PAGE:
Is the Existing Business Worth Buying: Due Diligence?
There are times when you might see worth in buying an existing business. You might find the prospective promising and profiting. This is the time when due diligence should start with accessing the records and books of that business. You receive a suitable time to investigate various facts and figures, which will give you a genuine picture of its performance and prospects. It will also present you with the points / issues / problems / loopholes that would require prior warranties or guarantees, before the signing of contract.
If you are new in purchasing existing but working businesses, then you should educate yourself on the elementary three categories of due diligence that are to be followed, without fail. Also, you might want to hire separate adviser for each of the due diligence that are mentioned below:
Commercial Due Diligence: It includes assessing the credibility of the business in the market, evaluating its competitors and determining the regulatory environment.
Financial Due Diligence: It comprises gauging and comparing the numbers to ensure that there are no loop holes / black holes or hidden monetary matters
Legal Due Diligence: When you venture into a contract of sale & purchase, lawyers should judge the legal title of business to sell. Lawyers should also appraise ownership of every asset along with ensuring that all the litigation and regulation issues are completely addressed.
When to Start Due Diligence?
First agree on a price and terms with the selling business, then begin the due diligence process. There is possibility that they might withdraw their business from the market during your enquiry. This period is called “exclusivity period” and for this the seller generally demands a down payment to ascertain its security. In most cases, this period spans to minimum three to four weeks. Remember that this investigation period is passable.
Where to Get Help From?
One of the most standard and common method of due diligence is to employ solicitors and accountants on your payroll. They will classify the risk zones for you. However, in case the Existing Business which you are buying, is registered with Companies House, you can get hold of reproductions of its accounts, annual returns and various other important documents with the prospect business. For this, you can use the Companies House WebCHeck service.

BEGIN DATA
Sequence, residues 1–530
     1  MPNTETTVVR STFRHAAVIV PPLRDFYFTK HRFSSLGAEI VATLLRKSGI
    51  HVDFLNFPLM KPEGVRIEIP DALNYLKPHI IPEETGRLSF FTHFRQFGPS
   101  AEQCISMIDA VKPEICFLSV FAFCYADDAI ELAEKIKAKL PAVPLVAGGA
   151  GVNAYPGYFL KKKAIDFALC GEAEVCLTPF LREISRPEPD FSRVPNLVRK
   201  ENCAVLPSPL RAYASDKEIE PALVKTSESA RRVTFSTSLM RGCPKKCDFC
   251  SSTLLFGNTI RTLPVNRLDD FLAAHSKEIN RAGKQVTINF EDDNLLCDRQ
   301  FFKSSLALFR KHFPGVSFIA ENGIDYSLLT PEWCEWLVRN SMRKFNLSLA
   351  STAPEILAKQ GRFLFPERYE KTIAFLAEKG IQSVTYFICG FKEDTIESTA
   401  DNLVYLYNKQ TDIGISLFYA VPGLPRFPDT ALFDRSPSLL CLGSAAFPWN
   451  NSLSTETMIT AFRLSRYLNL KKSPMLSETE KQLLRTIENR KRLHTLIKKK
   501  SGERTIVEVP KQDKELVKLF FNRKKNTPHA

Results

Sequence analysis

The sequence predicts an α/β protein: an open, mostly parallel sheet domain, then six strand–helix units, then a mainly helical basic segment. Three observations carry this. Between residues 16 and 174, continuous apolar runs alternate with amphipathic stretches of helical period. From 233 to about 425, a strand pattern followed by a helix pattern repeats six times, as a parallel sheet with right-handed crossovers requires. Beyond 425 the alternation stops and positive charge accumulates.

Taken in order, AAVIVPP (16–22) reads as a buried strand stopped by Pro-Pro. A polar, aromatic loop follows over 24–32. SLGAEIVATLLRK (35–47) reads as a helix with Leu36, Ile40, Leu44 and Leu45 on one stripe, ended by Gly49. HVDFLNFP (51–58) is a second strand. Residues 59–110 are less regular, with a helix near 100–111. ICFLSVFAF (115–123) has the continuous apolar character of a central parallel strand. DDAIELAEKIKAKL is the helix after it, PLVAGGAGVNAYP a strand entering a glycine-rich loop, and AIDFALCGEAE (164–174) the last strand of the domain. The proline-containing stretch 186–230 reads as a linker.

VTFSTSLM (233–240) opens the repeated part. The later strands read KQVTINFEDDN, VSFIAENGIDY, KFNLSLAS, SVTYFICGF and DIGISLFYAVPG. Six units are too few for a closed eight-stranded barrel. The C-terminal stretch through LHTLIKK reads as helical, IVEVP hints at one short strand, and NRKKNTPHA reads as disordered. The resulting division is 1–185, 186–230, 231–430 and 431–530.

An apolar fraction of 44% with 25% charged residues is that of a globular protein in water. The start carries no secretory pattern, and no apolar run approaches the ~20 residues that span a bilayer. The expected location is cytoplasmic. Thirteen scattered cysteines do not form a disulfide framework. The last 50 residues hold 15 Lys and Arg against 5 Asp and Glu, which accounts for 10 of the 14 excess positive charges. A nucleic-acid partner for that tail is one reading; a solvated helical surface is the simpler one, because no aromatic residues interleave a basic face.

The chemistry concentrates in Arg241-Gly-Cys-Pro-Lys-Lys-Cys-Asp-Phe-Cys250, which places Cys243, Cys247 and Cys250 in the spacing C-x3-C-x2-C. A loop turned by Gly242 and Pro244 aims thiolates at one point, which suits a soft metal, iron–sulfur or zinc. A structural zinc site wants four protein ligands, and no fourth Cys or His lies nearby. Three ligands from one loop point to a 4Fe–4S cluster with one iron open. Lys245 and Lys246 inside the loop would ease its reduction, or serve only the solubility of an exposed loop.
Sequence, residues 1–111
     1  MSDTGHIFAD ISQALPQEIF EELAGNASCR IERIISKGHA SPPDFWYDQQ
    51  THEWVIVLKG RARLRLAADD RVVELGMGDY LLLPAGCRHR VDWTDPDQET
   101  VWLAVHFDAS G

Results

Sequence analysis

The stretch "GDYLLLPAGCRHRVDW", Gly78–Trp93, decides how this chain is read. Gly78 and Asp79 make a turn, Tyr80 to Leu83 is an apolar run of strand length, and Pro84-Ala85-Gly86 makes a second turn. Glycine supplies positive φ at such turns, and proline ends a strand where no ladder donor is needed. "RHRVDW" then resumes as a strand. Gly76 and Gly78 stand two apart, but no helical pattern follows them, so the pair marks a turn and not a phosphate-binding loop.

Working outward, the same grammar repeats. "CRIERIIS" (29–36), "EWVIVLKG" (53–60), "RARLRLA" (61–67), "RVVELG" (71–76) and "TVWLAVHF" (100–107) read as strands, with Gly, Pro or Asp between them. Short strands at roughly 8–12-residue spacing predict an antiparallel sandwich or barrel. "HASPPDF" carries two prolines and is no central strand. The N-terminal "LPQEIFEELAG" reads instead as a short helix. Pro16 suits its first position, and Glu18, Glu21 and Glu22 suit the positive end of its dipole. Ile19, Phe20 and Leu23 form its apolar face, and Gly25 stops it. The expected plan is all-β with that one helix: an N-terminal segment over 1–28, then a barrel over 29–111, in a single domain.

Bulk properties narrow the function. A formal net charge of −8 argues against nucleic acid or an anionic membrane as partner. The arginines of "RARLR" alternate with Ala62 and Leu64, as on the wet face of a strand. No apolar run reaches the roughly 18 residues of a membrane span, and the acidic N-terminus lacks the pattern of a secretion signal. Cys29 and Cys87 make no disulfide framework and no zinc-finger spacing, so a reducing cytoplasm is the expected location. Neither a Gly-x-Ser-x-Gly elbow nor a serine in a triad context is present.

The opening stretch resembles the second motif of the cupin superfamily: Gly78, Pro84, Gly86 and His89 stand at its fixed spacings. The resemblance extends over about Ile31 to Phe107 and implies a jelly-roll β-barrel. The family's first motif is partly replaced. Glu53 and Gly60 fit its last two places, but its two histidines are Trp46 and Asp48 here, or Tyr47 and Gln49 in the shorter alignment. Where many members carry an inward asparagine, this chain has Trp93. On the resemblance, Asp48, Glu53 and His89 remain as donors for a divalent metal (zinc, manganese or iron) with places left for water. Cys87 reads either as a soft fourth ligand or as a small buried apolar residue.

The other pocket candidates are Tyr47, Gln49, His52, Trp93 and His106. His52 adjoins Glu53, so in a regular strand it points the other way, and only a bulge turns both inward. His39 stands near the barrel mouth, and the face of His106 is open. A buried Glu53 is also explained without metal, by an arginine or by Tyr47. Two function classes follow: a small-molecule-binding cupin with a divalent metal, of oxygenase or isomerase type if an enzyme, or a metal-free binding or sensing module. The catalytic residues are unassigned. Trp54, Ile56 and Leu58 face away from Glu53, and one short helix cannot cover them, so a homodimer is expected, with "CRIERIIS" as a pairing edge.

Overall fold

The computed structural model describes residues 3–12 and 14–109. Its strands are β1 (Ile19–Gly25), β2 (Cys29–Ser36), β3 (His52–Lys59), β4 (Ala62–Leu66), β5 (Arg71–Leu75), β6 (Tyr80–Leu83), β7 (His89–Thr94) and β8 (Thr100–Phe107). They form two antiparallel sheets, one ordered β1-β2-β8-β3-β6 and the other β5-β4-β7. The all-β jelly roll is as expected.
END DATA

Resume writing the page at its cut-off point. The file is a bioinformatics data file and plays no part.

You can download the documents from the website of Companies House. Note that there might be a small fee for this facility of evaluating the businesses value along with its assets.
What Points to Examine During Due Diligence?
You must understand the it’s just not about finances; due diligence spans across this one important factor. The “exclusivity period” should end with positive results, yielding all-inclusive information about the business and concerning prospects. You should know exactly what you are buying; what will need your immediate attention; what should be fixed; what will be cost of correcting the negative aspects / risks; and lastly whether their business is a right investment for you or not.
In other words, at the end of “exclusivity period”, you must have the answer to whether The Existing Business Is Worth Buying. Due Diligence should cover following points:
Commercial Management that should include marketing, client service, research and development:
Issues related to environment
IT Systems and other technologies
Foremost orders and contracts
Terms and conditions of employment
When carrying out due diligence, make sure to go to depths and find every possible information regarding the business. The information can be unearthed in the form or documents or other ways. You must find out:
In some cases, following copies might also be relevant:
Pension and Profit-Sharing Plans
Rest, you should also contact bank, government taxation department and other external sources.
For more information on Due Diligence and Due Diligence Service one can contact Bill Trueman a highly experienced specialist in risk review and due diligence. He is permanent member of AIRFA, and director of RiskSkill and UKFraud.